Frankie Roudabush Benda

Honored by:Jo Ann Benda
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Frankie Roudabush Benda was my mother. From her I received the strong message that women could do or be whatever they chose. She developed two careers before marriage and family and redeveloped both of them after all her children were in school, still keeping family her priority. She impressed on me the importance of being myself and doing what was right in my conscience whether it was the popular thing to do or not. A synopsis of what I know of her life is below; some big events, some not.

Frankie Iris Roudabush was born near Belle Plaine Iowa on January 1, 1919, to Ina Beck Roudabush and Ira Roudabush. She was the third of four children: Emerson, Lelah (Harries) and Dorothy (Weaver). Her childhood as I knew it was difficult as much of it spanned the Great Depression. The family traveled between Iowa and Michigan looking for work, not uncommonly living on the welfare of friends and family.

She graduated from high school in Belle Plaine, Iowa. From there she went to college at Coe College in Cedar Rapids, Iowa, to obtain a two-year teaching certificate. She supported herself through college by living with a family and doing domestic chores and baby-sitting. Following college, she taught school in Tama and Chelsea, Iowa. (I was intrigued when I found a copy of her contract that stipulated that marriage was reason for dismissal). Here she met Arnold Benda, whom she later married after a long interlude because of World War II.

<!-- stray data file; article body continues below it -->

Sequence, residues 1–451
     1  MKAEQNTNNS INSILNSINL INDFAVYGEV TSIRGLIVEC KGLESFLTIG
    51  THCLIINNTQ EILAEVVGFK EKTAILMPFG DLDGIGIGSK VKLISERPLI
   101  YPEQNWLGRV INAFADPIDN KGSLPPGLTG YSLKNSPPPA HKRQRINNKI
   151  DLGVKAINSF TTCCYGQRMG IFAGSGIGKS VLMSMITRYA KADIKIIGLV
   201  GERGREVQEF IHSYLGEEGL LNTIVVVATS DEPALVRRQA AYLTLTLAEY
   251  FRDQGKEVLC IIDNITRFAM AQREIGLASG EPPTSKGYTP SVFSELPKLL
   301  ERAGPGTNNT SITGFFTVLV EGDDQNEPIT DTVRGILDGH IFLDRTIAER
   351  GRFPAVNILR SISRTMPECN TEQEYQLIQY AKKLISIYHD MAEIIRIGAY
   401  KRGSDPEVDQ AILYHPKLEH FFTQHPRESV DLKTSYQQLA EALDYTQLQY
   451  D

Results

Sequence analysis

While he was in China, she undertook training in Physical Therapy at the University of Iowa. She worked as a physical therapist, treating recovering soldiers from WW II as well as treating patients afflicted during the polio epidemic of the 1940's. After marriage on October 12, 1946, they lived in Brooklyn, Iowa. They had three children: Penny (1948), Jo (1949) and Jon (1954).

In 1952 she developed Hodgkin's disease, a form of cancer. As told to me, she prayed only that she be able to raise her children, though at that time she wasn't given much hope for cure. Though she had multiple recurrences and therapies, she did not succumb to the disease until 1980.

When her youngest child went to school, she returned to practicing physical therapy, seeing patients at her home or visiting them in their homes. After recurrence of her cancer and more therapy which left her without the physical strength required for physical therapy, she returned to teaching school, specializing in children with learning disabilities.

Her next goal was to obtain a four-year college degree. She took correspondence courses and summer classes though she was never able to complete the degree because of further cancer recurrences. Her determination was remarkable in not giving up the pursuit of her goals in the face of adversity.